The S&P 500® Equal Weight Index launched on Jan. 8, 2003, so Sunday marked 20 years since the index first allowed investors to measure the performance of egalitarian allocations among S&P 500 constituents. The index is now tracked by various investment products globally, and it has potential benchmarking applications. Exhibit 1 shows that the S&P 500 Equal Weight Index has outperformed the S&P 500, both since January 2003 and when observing its back-tested history starting in the 1970s.
Arguably the biggest driver of the S&P 500 Equal Weight Index’s outperformance was its smaller size exposure. Having more (less) exposure to the smaller (larger) names in the S&P 500 explained over 50% of the S&P 500 Equal Weight Index’s relative returns, historically, and it was useful when exploring equal weight’s impact on risk/return. Indeed, it helped to explain the case for equal weight indexing amid the elevated concentration in S&P 500 constituents in recent years. Exhibit 2 illustrates the historical dynamic between changes in concentration and the relative performance of the equal weight index.
However, size exposure was far from the only source of outperformance in equal weight indices. For example, the S&P 500 Equal Weight Index’s anti-momentum and value factor tilts, along with its distinct sector exposures, helped it to beat the S&P 500 by 7% in 2022. More strategically, the equal weight index benefited from positively skewed equity returns: Exhibit 3 shows that for an average calendar year between 2003 and 2022, the index offered more exposure to the best-performing S&P 500 stocks.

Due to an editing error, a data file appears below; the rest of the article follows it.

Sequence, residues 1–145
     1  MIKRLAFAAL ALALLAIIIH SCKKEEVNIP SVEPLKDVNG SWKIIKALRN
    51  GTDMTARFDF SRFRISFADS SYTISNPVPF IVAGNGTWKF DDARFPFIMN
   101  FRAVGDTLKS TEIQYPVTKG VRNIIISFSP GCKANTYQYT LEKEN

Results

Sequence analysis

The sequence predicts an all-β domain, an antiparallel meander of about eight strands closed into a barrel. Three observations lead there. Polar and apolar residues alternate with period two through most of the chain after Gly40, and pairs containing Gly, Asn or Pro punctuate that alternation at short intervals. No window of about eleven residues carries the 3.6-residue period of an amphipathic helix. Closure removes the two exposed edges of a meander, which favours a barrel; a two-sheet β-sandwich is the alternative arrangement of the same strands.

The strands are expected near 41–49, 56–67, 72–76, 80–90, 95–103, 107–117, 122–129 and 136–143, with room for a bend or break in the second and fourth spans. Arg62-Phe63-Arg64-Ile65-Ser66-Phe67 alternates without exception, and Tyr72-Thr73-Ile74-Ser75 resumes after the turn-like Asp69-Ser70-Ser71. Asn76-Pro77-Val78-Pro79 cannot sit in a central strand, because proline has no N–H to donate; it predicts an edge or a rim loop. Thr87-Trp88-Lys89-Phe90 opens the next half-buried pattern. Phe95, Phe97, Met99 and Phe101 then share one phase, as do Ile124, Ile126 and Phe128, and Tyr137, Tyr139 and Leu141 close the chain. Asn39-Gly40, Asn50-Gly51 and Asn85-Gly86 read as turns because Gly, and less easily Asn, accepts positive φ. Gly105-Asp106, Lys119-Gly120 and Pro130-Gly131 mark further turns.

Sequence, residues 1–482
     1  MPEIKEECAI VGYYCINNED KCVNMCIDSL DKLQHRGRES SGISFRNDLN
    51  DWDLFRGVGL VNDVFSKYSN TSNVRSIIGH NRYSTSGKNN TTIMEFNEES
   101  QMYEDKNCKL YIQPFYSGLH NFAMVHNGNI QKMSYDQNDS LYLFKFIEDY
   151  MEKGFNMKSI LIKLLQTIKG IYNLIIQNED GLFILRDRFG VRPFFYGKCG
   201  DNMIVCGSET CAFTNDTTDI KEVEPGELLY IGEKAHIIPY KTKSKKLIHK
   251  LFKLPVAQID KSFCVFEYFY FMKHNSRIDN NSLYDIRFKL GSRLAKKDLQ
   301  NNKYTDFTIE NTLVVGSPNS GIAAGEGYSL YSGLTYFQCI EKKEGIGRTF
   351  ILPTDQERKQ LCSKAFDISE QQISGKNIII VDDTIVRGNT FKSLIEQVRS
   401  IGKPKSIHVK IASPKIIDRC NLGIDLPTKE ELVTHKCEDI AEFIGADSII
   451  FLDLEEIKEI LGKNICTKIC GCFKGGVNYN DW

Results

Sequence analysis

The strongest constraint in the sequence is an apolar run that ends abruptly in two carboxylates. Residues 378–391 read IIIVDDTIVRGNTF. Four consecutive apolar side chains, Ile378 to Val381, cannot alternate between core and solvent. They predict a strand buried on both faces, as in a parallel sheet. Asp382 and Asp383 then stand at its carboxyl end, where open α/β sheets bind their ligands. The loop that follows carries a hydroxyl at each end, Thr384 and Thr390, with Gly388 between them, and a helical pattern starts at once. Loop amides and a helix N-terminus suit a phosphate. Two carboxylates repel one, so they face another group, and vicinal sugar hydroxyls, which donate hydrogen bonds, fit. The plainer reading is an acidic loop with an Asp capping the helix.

In addition to the potential relevance of the S&P 500 Equal Weight Index to those looking for large-cap U.S. equity exposure, there are several reasons why investors may wish to use the S&P 500 Equal Weight Index as a supplemental benchmark for large-cap U.S. equity managers. For example, the equal weight index may be a more suitable benchmark, given that it appears many active managers have historically been closer to equal weighting than cap weighting in their portfolio construction. Exhibit 4 illustrates that the S&P 500 Equal Weight Index set a higher standard for large-cap U.S. equity active managers to beat over various horizons ending June 30, 2022.
The S&P 500 Equal Weight Index’s 20th birthday offers a chance to reflect on its performance, characteristics and potential use cases. Here’s to the next 20 years!The posts on this blog are opinions, not advice. Please read our Disclaimers.